Maria and the Pitbull

You know how sometimes teenagers love to teach little kids things that just sound funny and odd coming out of a kid's mouth? Example: give me all your money, sucker. Members here love to do that with us and Ukrainian. Not like terrible things, just things that are super amusing coming out of the mouth of an American who doesn't really know the language. This week's phrase was "дякую боже що я не москаль" or, in other words, "thank goodness I am not a Moscvite (Russian)." I'm like a puppy they teach to do funny tricks.

Does anyone remember how my last 6 months of high school I went through a phrase where I had baby dreams all the time? Like there were just lots of babies in my dreams, of whom I often had to take care? I've started having trunky dreams! I had a dream this week that I was frantically buying all the food for my homecoming. And then another dream that I was at Nordstrom trying on jeans then I bought an iPad instead. So that's super weird. I'm not actually trunky. I'm just the kind of person who's always about 18 steps ahead of myself and so I have to keep myself from  planning 6 months ahead this time, which is hard. 

We visited the funniest little babushka named Maria. She's 80 something and always manages to come to church. She kinda looks homeless - her clothes are kinda raggy and her hair's kinda stringy and she's like four and a half feet tall. Anyway, we went over to her house and she had the funniest dog. It was a 15-year old pit bull. The poor thing was crawling with arthritis and could barely walk. And she just loved it so much. She spent the first 10 minutes of our visit just talking about/to him. They were just a funny and adorable broken down old pair.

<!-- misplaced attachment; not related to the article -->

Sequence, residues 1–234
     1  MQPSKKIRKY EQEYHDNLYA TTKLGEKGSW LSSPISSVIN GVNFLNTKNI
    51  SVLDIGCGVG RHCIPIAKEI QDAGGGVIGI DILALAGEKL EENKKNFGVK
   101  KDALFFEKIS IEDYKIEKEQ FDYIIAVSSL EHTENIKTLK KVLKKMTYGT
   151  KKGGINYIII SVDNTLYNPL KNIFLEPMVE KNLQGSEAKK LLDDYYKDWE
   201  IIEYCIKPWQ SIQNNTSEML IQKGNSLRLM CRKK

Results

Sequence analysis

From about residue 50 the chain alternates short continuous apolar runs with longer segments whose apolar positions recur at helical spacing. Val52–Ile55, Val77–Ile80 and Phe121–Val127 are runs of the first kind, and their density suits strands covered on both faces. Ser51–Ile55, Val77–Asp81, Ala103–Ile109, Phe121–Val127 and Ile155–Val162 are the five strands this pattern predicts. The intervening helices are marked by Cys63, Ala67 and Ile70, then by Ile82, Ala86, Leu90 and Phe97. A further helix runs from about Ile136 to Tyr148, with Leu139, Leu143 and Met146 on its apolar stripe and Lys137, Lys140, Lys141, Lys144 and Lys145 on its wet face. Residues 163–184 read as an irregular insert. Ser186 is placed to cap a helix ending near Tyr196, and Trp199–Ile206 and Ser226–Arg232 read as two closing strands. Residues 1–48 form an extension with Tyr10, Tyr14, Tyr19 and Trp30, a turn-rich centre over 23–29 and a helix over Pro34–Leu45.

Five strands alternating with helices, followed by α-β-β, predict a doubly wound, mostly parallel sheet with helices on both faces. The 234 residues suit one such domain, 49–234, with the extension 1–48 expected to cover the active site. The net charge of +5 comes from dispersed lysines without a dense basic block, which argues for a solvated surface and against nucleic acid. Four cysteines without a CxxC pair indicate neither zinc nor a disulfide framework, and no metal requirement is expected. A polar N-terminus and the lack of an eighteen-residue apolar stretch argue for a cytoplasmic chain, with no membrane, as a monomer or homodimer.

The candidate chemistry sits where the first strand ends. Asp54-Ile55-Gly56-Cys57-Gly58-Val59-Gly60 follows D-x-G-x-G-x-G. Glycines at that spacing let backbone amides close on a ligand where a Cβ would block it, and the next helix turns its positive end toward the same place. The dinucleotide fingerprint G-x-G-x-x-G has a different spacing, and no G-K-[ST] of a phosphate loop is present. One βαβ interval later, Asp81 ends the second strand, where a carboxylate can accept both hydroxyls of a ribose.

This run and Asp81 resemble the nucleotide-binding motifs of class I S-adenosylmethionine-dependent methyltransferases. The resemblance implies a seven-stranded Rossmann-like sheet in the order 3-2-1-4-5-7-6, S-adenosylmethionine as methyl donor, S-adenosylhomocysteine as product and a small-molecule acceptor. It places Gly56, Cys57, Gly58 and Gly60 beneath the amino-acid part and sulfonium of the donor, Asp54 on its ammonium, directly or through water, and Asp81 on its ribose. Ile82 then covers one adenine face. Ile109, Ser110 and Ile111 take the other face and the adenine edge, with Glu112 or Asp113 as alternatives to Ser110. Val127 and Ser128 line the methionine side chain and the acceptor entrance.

I got sick this week. And I got to sleep a lot because of it. I know sometimes people are like "why does God let missionaries get sick if they're doing his work?" Let me tell you, He lets missionaries get sick so we do not collapse from exhaustion. I literally feel better than I have in like a month or two because for the first time in a while I'm not completely worn out. Sometimes, even getting sick is a blessing. 

Our landlord came over this week and told us he wants more money. Like way more than the apartment is worth. So we have to move out by the 30th. I've never been kicked out of an apartment before and I don't think I like it very much at all. We're just moving into the elders' apartment and they're moving in together. So at least there's no apartment hunting involved. Still no hot water, if you were wondering. 

I'm addicted to pancakes? Also, we ate 3 bars of white chocolate on an exchange this week. White chocolate is inexplicably really really good in Ukraine.

We had FHE with Eva and co. again this week. We made a gratitude box. While cutting some paper for the gratitude box, I accidentally cut myself with scissors. It was surprisingly deep and it bled a lot. They still invited us over for FHE tonight though! We also had a way fun day with Eva on Thursday. We came over and colored a Plan of Salvation map with her. Then took her to a  babushka's house to teach her the plan of salvation. We'd planned parts, but when we got there, Eva got really into teaching and taught the whole thing herself! She did it so well and it was so awesome. The babushka loved it, most importantly.

We were on a lesson with  Ira this week and I said something about "this is one of my favorite verses in the Book of Mormon." Apparently I say that a lot because she was like, "Pugh, half of the Book of Mormon is your favorite and the other half is too." It's true, I just love it. 

All the love,

Monday, September 15, 2014

Being an awkward pedestrian and other adventures in a very fun week